Microsoft’s Reckless Decision to Acquire LinkedIn
Microsoft plans to change the flavor of LinkedIn from a mere data junkyard to an enterprise utility for its customers.
By Rakesh Raman
Microsoft Corp. and LinkedIn Corporation on Monday announced they have entered into a definitive agreement under which Microsoft will acquire LinkedIn for $196 per share in an all-cash transaction valued at $26.2 billion, inclusive of LinkedIn’s net cash.
LinkedIn will retain its distinct brand, culture and independence. Jeff Weiner will remain CEO of LinkedIn, reporting to Satya Nadella, CEO of Microsoft.
Reid Hoffman, chairman of the board, co-founder and controlling shareholder of LinkedIn, and Weiner both fully support this transaction, it was announced. The transaction is expected to close this calendar year.
Although LinkedIn claims it has 433 million members worldwide, it’s extremely difficult to ascertain the authenticity of these claims. Almost all free social networks like LinkedIn and Facebook exaggerate the number of users on their sites.
In fact, there is no independent and accurate web traffic measurement service that can vouch for such claims. While some users hardly visit the social networking sites after registration and some have even died, but these sites keep counting them as their members.
Plus, the quality of users on LinkedIn and Facebook is pathetic. Most Facebook users are idle junkies and LinkedIn only has desperate job seekers. There is no useful or professional networking happening on these social sites. You can read the following articles to know more about this fact.
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LinkedIn also claims that it has more than 105 million unique visiting members per month, 60 percent mobile usage, 45 billion quarterly member page views, and over 7 million active job listings. But again there is no substantiation for these numbers; these are only LinkedIn’s claims.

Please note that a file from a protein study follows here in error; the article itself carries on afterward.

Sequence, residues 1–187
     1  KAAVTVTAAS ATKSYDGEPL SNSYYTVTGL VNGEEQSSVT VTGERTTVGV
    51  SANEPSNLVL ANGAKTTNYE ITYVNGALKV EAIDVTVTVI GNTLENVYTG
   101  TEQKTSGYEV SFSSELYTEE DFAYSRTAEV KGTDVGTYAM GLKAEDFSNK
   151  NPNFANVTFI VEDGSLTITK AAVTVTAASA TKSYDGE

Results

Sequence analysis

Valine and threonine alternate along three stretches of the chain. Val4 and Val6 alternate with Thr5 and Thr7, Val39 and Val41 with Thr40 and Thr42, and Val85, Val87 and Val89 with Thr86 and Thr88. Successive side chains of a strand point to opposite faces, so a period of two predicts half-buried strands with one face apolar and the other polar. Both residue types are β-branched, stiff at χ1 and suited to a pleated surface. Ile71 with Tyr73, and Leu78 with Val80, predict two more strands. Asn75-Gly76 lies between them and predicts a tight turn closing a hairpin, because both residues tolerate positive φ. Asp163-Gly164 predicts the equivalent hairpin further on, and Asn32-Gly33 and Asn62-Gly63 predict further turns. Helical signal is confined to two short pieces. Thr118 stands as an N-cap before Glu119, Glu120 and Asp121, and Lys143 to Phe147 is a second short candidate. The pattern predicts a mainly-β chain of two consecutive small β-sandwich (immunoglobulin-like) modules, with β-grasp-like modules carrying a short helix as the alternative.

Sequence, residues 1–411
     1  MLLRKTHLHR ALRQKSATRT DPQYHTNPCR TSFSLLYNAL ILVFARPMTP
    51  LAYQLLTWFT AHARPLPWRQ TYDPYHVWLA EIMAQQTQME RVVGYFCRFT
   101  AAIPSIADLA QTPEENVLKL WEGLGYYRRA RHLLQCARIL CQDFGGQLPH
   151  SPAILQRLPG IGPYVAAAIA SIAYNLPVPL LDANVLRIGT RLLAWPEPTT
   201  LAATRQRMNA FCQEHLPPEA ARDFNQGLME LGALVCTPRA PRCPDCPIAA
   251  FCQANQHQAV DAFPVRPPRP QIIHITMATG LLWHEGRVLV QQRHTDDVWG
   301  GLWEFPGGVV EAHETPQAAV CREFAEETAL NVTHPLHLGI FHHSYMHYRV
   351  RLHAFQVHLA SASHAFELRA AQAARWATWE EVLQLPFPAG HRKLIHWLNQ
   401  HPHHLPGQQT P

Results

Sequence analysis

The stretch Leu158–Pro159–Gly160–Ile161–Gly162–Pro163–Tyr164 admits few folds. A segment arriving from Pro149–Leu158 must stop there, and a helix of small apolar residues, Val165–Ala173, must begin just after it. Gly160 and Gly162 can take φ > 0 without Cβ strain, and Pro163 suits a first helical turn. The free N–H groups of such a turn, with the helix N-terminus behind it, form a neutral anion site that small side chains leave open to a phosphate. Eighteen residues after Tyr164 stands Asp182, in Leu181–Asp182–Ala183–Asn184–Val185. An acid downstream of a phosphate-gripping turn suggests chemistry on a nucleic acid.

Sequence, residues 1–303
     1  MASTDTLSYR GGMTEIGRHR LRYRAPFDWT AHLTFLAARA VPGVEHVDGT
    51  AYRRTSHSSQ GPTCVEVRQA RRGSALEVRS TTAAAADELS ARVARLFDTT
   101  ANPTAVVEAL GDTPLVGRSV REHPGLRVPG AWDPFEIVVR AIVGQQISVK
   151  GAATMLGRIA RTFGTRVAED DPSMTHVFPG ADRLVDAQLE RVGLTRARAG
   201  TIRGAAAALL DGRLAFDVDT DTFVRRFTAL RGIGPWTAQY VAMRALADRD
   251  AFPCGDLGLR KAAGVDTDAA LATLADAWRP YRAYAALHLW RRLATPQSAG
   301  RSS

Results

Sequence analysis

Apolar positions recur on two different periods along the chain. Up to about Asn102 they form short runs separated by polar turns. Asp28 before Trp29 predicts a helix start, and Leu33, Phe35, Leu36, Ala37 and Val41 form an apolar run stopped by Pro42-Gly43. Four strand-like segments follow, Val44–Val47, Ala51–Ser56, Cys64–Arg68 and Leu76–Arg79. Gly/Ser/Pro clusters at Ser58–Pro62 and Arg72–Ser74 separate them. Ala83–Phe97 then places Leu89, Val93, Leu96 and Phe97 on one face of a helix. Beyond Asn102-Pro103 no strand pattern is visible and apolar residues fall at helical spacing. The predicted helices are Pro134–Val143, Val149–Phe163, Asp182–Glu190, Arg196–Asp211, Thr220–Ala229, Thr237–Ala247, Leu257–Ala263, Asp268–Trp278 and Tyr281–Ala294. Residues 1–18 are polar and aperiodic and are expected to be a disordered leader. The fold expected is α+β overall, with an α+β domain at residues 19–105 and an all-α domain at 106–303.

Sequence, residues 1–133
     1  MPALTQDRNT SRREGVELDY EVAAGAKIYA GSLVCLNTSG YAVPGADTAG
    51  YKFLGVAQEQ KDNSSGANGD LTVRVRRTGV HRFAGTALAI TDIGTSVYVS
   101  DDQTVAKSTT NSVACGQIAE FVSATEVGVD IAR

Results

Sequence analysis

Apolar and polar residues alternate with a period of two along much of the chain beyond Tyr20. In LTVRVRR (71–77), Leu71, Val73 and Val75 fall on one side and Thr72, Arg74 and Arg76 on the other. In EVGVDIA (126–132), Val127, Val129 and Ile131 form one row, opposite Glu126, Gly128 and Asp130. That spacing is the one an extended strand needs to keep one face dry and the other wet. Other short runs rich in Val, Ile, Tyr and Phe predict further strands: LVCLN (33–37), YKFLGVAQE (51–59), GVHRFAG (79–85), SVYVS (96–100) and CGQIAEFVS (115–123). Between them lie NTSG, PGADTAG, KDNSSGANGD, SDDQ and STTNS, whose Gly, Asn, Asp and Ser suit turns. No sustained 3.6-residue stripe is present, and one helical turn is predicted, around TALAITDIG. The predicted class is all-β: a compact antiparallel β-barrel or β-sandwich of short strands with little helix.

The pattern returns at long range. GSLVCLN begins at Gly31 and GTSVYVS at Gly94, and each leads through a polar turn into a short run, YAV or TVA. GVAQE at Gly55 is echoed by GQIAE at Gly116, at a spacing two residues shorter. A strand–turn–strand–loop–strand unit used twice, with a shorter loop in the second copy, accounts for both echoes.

These grossly inflated numbers are used to hoodwink the users, online advertisers, and buyers. And in the current case, Microsoft, which is fast losing its focus from the traditional software business, is being fleeced by LinkedIn.
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“The LinkedIn team has grown a fantastic business centered on connecting the world’s professionals,” Nadella said. “Together we can accelerate the growth of LinkedIn, as well as Microsoft Office 365 and Dynamics as we seek to empower every person and organization on the planet.”
Microsoft plans to change the flavor of LinkedIn from a mere data junkyard to an enterprise utility for its customers. But that is going to be an uphill task because most enterprises don’t possess proper communication skills to effectively use a public messaging platform such as LinkedIn. Microsoft will soon repent its reckless decision. Keep watching.
By Rakesh Raman, the managing editor of RMN Company